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This study examined the impact of perceptual load on the processing of unattended threat-relevant faces. Participants performed a central letter-classification task while ignoring irrelevant face distractors, which appeared above or below the central task. The face distractors were graded for affective salience by means of aversive fear conditioning, with a conditioned angry face (CS+), an unconditioned angry face (CS-), and a neutral control face. The letter-classification task was presented under conditions of both low and high perceptual load. Results showed that fear conditioned (i.e., CS+) angry face distractors interfered with task performance more than CS- angry or neutral face distractors but that this interference was completely eliminated by high perceptual load. These findings demonstrate that aversively conditioned face distractors capture attention only under conditions of low perceptual load.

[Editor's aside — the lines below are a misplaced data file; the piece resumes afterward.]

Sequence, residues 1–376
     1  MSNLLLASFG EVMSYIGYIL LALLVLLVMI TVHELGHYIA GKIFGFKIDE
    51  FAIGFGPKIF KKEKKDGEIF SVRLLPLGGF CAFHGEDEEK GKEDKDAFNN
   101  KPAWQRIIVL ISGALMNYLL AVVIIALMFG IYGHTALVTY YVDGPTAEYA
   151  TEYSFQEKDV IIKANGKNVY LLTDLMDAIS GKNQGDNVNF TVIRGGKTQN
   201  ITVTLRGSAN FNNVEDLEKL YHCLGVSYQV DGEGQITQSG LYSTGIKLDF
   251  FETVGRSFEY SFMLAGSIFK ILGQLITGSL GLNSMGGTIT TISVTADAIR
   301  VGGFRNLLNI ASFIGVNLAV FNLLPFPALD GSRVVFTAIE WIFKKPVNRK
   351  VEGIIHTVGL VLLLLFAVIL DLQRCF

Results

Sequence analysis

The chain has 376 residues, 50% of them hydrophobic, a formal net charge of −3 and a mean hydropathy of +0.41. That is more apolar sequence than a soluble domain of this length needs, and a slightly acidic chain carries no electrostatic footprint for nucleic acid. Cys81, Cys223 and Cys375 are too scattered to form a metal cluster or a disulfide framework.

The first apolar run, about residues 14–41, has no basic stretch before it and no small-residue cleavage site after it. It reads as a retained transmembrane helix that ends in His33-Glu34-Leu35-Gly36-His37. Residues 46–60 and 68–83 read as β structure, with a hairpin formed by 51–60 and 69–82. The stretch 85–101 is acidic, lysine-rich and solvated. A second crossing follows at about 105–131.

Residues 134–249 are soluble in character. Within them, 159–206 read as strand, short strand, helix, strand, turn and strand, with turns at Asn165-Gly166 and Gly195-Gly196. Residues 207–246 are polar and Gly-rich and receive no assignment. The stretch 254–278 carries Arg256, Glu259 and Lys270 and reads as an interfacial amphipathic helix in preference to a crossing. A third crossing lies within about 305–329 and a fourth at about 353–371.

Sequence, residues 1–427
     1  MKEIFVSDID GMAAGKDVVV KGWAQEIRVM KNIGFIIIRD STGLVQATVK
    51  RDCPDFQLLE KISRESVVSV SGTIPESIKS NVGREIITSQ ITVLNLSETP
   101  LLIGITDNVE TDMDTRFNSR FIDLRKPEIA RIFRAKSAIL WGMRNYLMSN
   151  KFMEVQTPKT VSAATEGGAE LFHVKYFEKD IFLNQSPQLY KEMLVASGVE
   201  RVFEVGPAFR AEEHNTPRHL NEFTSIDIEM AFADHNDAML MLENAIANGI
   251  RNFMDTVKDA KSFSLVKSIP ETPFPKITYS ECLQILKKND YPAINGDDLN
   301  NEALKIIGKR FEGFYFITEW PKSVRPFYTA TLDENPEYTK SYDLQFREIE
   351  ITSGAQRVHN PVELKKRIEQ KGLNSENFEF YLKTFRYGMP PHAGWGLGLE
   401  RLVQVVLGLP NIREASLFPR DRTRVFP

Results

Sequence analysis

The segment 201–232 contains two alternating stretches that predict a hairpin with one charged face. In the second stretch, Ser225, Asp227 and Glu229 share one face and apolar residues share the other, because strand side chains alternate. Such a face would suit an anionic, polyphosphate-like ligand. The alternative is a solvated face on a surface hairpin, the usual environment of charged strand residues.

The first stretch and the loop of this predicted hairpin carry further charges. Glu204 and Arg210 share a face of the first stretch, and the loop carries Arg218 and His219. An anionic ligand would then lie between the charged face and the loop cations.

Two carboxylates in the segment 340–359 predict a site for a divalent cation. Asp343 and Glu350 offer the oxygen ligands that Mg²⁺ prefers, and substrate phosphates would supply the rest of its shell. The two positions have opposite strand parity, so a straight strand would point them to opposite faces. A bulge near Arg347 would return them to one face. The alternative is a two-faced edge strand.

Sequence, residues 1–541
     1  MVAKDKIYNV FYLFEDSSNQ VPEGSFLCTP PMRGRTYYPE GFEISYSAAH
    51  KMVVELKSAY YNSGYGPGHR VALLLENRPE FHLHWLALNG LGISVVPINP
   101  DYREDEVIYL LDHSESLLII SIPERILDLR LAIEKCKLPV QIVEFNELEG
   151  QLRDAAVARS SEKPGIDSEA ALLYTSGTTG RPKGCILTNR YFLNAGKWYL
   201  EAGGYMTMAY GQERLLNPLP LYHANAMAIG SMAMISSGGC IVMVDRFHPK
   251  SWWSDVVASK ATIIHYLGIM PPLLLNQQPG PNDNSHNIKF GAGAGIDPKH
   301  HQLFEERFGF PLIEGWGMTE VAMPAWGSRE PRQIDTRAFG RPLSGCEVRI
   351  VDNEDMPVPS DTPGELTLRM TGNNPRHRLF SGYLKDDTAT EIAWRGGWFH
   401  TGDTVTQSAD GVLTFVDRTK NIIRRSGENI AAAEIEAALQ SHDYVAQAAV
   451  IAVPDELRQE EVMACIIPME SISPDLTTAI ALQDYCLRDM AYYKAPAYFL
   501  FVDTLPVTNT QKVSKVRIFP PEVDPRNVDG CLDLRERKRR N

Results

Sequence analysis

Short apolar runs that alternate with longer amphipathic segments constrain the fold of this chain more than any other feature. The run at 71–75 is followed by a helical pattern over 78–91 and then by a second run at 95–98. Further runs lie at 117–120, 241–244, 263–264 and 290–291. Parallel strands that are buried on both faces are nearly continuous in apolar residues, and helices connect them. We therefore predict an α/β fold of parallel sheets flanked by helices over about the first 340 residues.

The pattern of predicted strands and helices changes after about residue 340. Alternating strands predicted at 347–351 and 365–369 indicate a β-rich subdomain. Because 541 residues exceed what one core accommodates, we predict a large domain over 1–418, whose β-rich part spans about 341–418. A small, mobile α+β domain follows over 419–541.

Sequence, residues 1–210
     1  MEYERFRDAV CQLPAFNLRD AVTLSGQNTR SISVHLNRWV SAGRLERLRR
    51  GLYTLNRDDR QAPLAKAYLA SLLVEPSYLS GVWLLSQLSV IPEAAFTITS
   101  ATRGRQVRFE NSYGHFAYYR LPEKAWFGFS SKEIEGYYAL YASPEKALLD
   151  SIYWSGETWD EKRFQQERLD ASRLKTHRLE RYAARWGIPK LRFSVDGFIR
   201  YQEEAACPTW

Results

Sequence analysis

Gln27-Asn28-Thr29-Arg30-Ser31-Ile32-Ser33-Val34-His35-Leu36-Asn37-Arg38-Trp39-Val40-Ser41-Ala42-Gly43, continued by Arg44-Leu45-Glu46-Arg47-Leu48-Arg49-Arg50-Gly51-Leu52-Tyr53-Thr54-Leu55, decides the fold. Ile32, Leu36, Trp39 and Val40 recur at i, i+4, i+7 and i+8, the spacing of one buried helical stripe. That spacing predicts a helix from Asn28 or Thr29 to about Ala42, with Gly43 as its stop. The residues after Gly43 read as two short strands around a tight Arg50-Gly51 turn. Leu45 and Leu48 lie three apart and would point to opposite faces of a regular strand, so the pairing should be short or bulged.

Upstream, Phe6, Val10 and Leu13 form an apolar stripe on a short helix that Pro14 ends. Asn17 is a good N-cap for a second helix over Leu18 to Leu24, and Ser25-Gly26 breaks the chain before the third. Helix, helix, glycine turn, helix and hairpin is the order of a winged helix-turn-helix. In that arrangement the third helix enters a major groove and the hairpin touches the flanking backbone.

Original publication

DOI

10.1037/a0020325

Type

Journal article

Journal

Emotion

Publication Date

12/2010

Volume

10

Pages

822 - 830

Keywords

Adolescent, Attention, Conditioning (Psychology), Emotions, Facial Expression, Fear, Female, Humans, Male, Mental Processes, Visual Perception, Young Adult